State System approves new sustainability policy, seeks state investment to advance System Redesign
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KUTZTOWN, Pa. – Pennsylvania's State System of Higher Education advanced its redesign efforts Thursday as its Board of Governors approved historic budgetary and policy measures aimed at increasing collaboration, transparency, and cost-efficiencies among its 14 universities.
The Board authorized the Chancellor to seek each year for the next five years a line item appropriation from the state Legislature up to a 5-year total of $100 million. The non-recurring funds would be used to create enhanced online learning opportunities; transform information technology including student information services; and a new consortium of shared services to support the System Redesign effort.
The consortium is currently being developed with the goal of sharing services and leveraging the State System's massive scale to realize long-term cost savings.
“We've made substantial progress in many areas such as transparency and affordability that are central to the success of public higher education in Pennsylvania, State System Chancellor Dan Greenstein said. “I want to thank the Board for its leadership and for its confidence in our vision for transforming the State System. Students today. Current and future students are counting on us to make quality public higher education affordable and accessible, and today, we've taken extraordinary steps toward living up to that responsibility."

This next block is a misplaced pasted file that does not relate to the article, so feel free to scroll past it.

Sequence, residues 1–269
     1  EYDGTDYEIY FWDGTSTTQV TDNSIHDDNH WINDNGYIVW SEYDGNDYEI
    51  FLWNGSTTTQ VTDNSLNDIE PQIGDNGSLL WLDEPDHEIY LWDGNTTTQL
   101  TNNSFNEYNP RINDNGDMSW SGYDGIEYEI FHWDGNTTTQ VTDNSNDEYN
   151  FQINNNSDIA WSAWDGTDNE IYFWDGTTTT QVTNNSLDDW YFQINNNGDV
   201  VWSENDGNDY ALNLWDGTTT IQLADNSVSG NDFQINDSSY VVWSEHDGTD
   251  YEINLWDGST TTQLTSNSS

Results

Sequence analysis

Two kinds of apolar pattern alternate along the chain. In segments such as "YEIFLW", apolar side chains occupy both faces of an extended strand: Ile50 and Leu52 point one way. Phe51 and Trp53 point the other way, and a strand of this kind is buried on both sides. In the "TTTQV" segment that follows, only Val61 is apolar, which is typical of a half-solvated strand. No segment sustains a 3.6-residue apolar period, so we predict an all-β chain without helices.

The State System will make its investment request through the annual state budgeting process by sending its request to the Governor. The non-recurring investment funding complements a request of $487 million – also approved Thursday by the Board – to the General Assembly for the 2020-21 academic year, which would be used for education and general appropriations across the System.
To increase transparency and accountability, the Board also approved a new financial sustainability policy for all 14 universities. The new policy standardizes terminology and metrics used to determine a university's financial wellbeing with the goal of improving financial stability through collaboration across the system.
“We are reimagining public higher education in Pennsylvania, and the steps taken by the Board today will provide significant benefits for our students," Board Chair Cindy Shapira said. “Through these actions, we seek to renew our partnership with state government because their support means our universities will continue to thrive as engines of economic opportunity for our students."
The board met Wednesday and Thursday for its October quarterly meeting at the campus of Kutztown University. For more about System Redesign, please see an explanatory video
Pennsylvania's State System of Higher Education oversees 14 four-year public universities educating more than 95,000 students. The State System offers more than 2,300 degrees and certificates in more than 530 academic areas. The State System universities are Bloomsburg, California, Cheyney, Clarion, East Stroudsburg, Edinboro, Indiana, Kutztown, Lock Haven, Mansfield, Millersville, Shippensburg, Slippery Rock and West Chester Universities of Pennsylvania.